"The two most difficult things in programming are cache invalidation and naming." -Phil Karlton

Naming. Finding the best word, a focus on the message. Words are artifacts and as such should be closely examined by serious agilists. Words have no meaning on their own; we imbue them so we can more accurately infer another's intent in communication. 

I believe that establishing a shared vocabulary, what Eric Evans refers to as "ubiquitous language" or the field of Action Science calls a "shared mental model" is as important for an organization as any other working agreements or boundary conditions. If an agile implementation is a game, words and messages are the plays and passes.

In that vein, I've assembled a glossary of terms, mostly from the various gravity sports, that have something to offer the realm of agile. Most of them describe some sort of context that has a physical, mental, and emotional experience that maps well onto various work situations. I'll refer to these from time to time in posts and pages.

 A general term originally applied to software development processes that value collaboration and rapid delivery of functional software that solves identified problems over command and control structures that rely on documentation to measure software efficacy. See www.agilemanifesto.com.

Dojo: Japanese term literally meaning "practice hall" can refer to any art form that benefits from such a dedicated space. In Western vernacular a dojo tends to infer a space for training in martial arts. In Japan, dojos often contain a temple to honor the mystical aspects of the practice. Behavior in the dojo is clearly and explicitly prescribed by tradition.
Casing: Mountain biking term for crashing, especially after sending off a jump or other specific feature.

Closeout: A surfing term describing the behavior of a wave when the remaining face breaks at the same time rather than in a curl across the face that can be ridden. Depending on the locale and rider, closeouts are either avoided or embraced, though typically they are an unridable section of wave that is avoided by riding up over the top of the wave before it finishes breaking. This keeps the surfer on the outside.

Catching An Edge: From snowboarding, when the board's downhill edge makes contact with the snow. This often results in an injurious crash. Also applies to skiing.

Caught Inside: Surfing term for when a surfer has either fallen while riding a wave or been unable to paddle outside (see Outside) a set of larger incoming waves' impact zone. The inside's (see Inside) turbulent water and frequent whitewater make escaping difficult and exhausting. Any progress made toward an exit can quickly be undone as oncoming whitewater pushes the surfer back toward shore, knock him off his board, or hold her down under water. Getting caught inside in big surf tests a surfer's physical, mental, and emotional stamina, especially when the swell is highly consistent in size and frequency.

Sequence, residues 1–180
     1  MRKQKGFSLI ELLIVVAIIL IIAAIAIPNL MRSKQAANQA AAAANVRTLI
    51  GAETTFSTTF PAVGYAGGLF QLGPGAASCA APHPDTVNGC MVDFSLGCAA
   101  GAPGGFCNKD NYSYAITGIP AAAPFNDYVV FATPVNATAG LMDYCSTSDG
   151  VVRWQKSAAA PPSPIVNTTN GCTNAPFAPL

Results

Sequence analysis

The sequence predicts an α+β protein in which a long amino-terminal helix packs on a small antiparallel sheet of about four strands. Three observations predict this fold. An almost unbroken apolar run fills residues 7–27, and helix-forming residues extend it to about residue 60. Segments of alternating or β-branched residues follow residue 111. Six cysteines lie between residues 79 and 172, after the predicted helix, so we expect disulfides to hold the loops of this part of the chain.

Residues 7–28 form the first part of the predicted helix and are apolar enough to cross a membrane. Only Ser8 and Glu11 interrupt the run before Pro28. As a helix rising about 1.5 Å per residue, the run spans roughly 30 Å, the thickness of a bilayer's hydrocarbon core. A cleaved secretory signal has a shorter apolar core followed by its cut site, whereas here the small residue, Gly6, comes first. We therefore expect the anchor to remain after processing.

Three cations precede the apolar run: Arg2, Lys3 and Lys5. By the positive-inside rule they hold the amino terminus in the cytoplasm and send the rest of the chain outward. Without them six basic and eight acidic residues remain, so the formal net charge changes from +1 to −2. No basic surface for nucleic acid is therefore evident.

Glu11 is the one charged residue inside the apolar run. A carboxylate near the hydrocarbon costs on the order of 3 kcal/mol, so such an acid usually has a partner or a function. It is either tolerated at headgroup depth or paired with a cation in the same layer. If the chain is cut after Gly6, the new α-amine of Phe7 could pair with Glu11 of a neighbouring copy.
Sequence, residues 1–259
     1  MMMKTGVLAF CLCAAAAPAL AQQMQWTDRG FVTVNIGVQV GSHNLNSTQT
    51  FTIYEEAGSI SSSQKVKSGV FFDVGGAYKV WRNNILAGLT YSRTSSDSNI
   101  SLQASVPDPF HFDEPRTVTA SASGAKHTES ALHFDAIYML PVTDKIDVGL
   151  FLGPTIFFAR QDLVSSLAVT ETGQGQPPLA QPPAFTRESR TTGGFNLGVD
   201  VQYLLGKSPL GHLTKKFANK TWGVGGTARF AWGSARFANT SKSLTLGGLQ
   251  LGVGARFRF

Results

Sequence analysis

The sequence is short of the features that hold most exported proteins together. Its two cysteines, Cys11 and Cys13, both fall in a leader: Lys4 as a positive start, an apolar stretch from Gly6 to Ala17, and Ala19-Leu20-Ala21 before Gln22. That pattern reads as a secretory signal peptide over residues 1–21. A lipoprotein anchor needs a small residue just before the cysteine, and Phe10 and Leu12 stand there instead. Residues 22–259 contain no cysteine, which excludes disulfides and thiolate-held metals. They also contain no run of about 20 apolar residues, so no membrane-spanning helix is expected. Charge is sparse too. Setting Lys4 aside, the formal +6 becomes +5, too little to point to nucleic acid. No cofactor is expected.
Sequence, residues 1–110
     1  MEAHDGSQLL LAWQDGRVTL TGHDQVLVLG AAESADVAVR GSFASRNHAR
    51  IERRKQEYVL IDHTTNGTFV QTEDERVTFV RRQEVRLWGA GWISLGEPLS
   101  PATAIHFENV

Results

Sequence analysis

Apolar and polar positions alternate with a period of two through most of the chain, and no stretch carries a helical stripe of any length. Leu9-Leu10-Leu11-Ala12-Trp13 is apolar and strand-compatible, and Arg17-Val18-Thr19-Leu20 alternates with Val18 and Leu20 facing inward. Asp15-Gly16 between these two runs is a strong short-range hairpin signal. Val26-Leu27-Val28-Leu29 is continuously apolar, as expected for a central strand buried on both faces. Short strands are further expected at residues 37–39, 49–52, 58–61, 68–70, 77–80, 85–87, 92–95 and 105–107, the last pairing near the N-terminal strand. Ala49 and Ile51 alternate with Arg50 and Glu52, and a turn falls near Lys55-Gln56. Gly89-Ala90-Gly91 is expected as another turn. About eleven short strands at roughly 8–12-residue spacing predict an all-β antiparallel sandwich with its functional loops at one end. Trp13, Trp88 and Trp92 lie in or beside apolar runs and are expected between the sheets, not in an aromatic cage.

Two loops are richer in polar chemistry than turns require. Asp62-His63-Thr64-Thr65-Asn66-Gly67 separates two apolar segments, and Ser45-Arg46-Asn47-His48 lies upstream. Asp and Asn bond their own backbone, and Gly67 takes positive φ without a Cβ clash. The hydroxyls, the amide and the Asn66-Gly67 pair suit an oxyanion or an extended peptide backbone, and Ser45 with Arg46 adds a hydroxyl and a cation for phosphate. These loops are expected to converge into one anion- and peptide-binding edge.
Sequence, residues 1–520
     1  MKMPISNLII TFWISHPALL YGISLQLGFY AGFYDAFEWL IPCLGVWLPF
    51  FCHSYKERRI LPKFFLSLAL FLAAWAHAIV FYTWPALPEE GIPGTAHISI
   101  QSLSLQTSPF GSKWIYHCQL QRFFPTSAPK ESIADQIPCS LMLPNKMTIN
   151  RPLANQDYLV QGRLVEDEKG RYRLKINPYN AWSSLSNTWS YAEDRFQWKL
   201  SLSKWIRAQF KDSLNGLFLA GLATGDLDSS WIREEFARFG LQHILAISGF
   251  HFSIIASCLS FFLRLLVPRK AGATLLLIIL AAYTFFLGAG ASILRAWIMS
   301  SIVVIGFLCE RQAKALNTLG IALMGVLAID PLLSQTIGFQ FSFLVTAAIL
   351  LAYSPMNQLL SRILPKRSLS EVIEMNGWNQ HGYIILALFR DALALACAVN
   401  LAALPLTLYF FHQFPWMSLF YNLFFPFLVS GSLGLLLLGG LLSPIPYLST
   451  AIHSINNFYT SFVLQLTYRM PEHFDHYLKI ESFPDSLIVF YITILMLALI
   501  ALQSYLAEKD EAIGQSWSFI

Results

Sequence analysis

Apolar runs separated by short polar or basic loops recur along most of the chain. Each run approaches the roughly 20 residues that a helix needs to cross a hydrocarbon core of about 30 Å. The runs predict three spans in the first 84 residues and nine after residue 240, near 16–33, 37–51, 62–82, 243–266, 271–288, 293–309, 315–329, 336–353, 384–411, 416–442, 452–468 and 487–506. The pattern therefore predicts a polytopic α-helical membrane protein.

Dropping: A term shared by many big mountain disciplines for an athlete to begin a run. In many cases dropping in is a highly committing move as the only exit is down the slope.

Getting Rinsed or The Rinse Cycle: Surfing term for the experience of being tumbled around under water by a wave. Getting rinsed by larger waves is disorienting and violent. Even knowing which way to swim back to the surface can be difficult without a reference such as the tension of a leash. Learning to conserve energy and avoid injury by relaxing mentally and physically while in the rinse cycle is a critical skill every surfer must develop.

Going Big: General term in gravity and extreme sports to describe pushing one's limits in a way that increases risk. Going big can both redefine what is possible for an athlete or sport, or end in substantial injury. Being able to accurately asses this risk relies as much on intuition as observable data. Athletes that learn to trust this intuition tend to be well-served.

Hold Down: Surfing term for being unable to reach the surface because of breaking waves. In extreme cases a surfer may be driven so deep under water and the force of subsequent waves' impact that multiple waves will pass before he is able to reach the surface and thus breathe. 

Hole: River whitewater term for a hydraulic feature formed by water flowing over a submerged rock or ledge, forming a recirculation in the river. Surfing standing waves formed by holes can be exhilarating. Being sent deep into the river by them can be terrifying, in the worst cases deadly.

Hucking: Same as Sending though also used by other sports disciplines.

Inside: Surfing term for the area of water between the shore and where waves are breaking. Characterized by turbulent water and the whitewater from subsequent waves. One of the worst places to be.

Impact Zone: Surfing term for the narrow band of water where a wave's lip makes contact with the water's surface in front of the wave's face. In big surf this impact can snap boards and drive a surfer deep under water. In extreme cases additional waves can continue to hold him down, which can test the lung and mental capacity of even the most seasoned wave rider. 

Outside: Surfing term for the area of water that is on the ocean side of where waves are breaking. Typically calm and easy to manouver, surfers paddle in this area to get into position for their next ride or to recover from a wave or being caught inside.

Sending: Used by mountain bikers to refer to taking flight on the bike off the top of a jump or natural feature.

Tomahawk: A mountain biking term for a type of crash where the rider cartwheels down the slope off his bike.

Yard Sale: A snowboard and ski term for a crash that results in a trail of equipment such as goggles, hat, poles, and skis as the rider tumbles downhill.


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